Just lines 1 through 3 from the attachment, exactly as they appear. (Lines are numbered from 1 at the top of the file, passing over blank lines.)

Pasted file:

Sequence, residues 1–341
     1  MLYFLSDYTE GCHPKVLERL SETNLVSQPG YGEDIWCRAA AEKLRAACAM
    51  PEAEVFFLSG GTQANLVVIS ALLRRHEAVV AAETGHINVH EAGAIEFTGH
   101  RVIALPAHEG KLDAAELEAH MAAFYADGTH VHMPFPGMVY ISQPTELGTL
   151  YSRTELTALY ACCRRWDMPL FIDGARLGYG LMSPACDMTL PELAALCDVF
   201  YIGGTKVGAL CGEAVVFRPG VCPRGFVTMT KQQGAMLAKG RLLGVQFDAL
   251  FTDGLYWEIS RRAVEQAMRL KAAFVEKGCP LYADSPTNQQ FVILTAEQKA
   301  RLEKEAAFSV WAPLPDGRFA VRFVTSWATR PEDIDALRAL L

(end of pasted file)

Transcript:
Sequence, residues 1–341
     1  MLYFLSDYTE GCHPKVLERL SETNLVSQPG YGEDIWCRAA AEKLRAACAM
    51  PEAEVFFLSG GTQANLVVIS ALLRRHEAVV AAETGHINVH EAGAIEFTGH